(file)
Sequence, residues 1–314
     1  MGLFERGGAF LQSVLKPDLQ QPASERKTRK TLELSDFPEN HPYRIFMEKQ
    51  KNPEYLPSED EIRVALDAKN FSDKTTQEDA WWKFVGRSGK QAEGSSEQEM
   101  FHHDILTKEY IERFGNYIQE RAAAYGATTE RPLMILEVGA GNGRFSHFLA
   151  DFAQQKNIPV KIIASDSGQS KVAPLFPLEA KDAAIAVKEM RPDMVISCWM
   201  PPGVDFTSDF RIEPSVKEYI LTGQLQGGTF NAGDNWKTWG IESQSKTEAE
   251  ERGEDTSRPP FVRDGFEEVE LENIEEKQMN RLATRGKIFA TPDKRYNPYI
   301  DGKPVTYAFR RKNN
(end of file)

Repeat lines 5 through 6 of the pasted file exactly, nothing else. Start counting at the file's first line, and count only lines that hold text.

   151  DFAQQKNIPV KIIASDSGQS KVAPLFPLEA KDAAIAVKEM RPDMVISCWM
   201  PPGVDFTSDF RIEPSVKEYI LTGQLQGGTF NAGDNWKTWG IESQSKTEAE